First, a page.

Reaching Higher NH, in partnership with 15 professional organizations, recently completed a statewide survey of educators and school staff who are changing positions or school districts, leaving the state, or leaving the field altogether. The survey closed in late June 2022, and Reaching Higher NH is pleased to announce the release of the published results.
One of the most important investments that our state can make in supporting our public schools is establishing and maintaining a strong, diverse, and supported teaching and learning profession. Fully prepared teachers make sure students excel in critical subjects like math, science, and reading, and teach them the skills they’ll need to learn and understand the world around them. Empowered school leadership, including school principals, create strong and inclusive learning environments that support the whole child and deeper learning. And school staff like paraprofessionals, school counselors, and school nurses support young people by fostering student learning and well-being.
Reaching Higher NH and Women Educators Leading Learning (WELL) administered a survey in Spring 2022 to learn more about why teachers and school staff are leaving, or are considering leaving, their schools, the state, or the profession.
The survey data affirms what we at Reaching Higher NH have been hearing in the field: New Hampshire teachers and school staff are feeling increased pressure and demands and aren’t being financially compensated for their professional expertise like in other fields. Teachers in particular feel the weight of growing political divisiveness and a shifting school climate, where increasing pressures, expectations, and demands have impacted the field. Many teachers directly cited political rhetoric, attacks from lawmakers, and a lack of support from state leaders as reasons for leaving the state or profession, and legislation like the “divisive concepts” law has heightened fears of consequences for teachers and school leaders. And at all levels, inadequate pay has driven them out of the profession altogether.
New Hampshire must better support our teachers and school staff. We can start by:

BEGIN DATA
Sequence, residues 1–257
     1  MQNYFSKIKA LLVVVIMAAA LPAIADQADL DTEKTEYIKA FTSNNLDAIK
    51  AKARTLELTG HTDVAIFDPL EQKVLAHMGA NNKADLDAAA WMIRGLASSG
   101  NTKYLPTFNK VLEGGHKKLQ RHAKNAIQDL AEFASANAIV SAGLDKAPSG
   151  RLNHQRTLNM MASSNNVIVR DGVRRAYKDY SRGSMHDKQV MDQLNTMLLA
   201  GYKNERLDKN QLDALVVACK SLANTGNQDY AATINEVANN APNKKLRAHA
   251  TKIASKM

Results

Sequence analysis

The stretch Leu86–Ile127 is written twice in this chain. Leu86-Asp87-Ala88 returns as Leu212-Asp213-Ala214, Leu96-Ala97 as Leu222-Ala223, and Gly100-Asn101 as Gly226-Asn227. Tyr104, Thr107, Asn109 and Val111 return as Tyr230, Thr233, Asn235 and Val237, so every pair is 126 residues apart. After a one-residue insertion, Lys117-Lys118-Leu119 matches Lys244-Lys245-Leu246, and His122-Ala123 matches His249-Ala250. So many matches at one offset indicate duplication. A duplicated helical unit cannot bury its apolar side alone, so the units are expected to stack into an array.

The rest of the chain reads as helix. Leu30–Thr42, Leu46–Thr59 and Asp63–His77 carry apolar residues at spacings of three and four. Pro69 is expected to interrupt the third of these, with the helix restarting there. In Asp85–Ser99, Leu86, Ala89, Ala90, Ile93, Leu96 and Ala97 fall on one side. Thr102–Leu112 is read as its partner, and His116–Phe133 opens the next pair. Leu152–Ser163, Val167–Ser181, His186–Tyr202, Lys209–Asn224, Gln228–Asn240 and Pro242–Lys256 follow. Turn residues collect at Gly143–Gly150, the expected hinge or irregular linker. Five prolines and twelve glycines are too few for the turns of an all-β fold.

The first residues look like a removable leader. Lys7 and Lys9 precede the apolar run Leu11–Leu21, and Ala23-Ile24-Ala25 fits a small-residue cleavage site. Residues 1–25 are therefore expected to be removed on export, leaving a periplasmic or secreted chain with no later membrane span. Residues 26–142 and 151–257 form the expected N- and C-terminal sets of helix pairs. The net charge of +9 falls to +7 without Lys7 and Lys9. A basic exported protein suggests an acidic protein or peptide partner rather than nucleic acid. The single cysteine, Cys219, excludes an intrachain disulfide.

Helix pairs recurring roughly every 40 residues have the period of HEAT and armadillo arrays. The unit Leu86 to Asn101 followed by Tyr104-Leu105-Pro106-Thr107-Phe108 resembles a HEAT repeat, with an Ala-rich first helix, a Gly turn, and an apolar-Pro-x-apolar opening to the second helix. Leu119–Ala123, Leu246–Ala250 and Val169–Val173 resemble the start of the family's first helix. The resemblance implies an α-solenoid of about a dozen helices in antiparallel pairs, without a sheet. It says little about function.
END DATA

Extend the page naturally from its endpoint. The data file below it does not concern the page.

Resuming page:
- Ensuring that teachers and school staff, regardless of where they teach, receive fair and competitive pay. New Hampshire must ensure that its school funding formula provides school districts with the resources they need to pay teachers and school staff fairly.
- Investing in effective retention strategies, like mentoring, professional learning and growth, and establishing collaborative leadership structures and practices.
- Strengthening and diversifying the teaching profession. All students benefit when teachers and school staff represent the rich diversity of our communities. Preparation programs like teacher residencies and Grow Your Own (GYO) programs create opportunities to recruit local educators and strengthen long-term retention. According to research, nearly half of the new teachers in residency programs across the country are people of color.
- Improving recruitment strategies. Eliminating barriers for future teachers to pursue pathways to education is critical to making sure that New Hampshire has a strong, well-qualified teacher workforce now and in the future. Scholarships, grants, loan forgiveness, and other incentive programs can lessen the financial burden of pursuing a career in education and encourage teachers to stay in the state.
- Respecting teaching as a profession. Well-qualified teachers and school leaders are highly trained and experts in their field. The public overwhelmingly supports public schools and teachers, and trusts them more than almost any other profession. We must ensure that our schools are well-supported and are affirming places for our students, teachers, and staff, and that they are valued in our communities and in our state as a whole.
Click the image below to download and read the full report!
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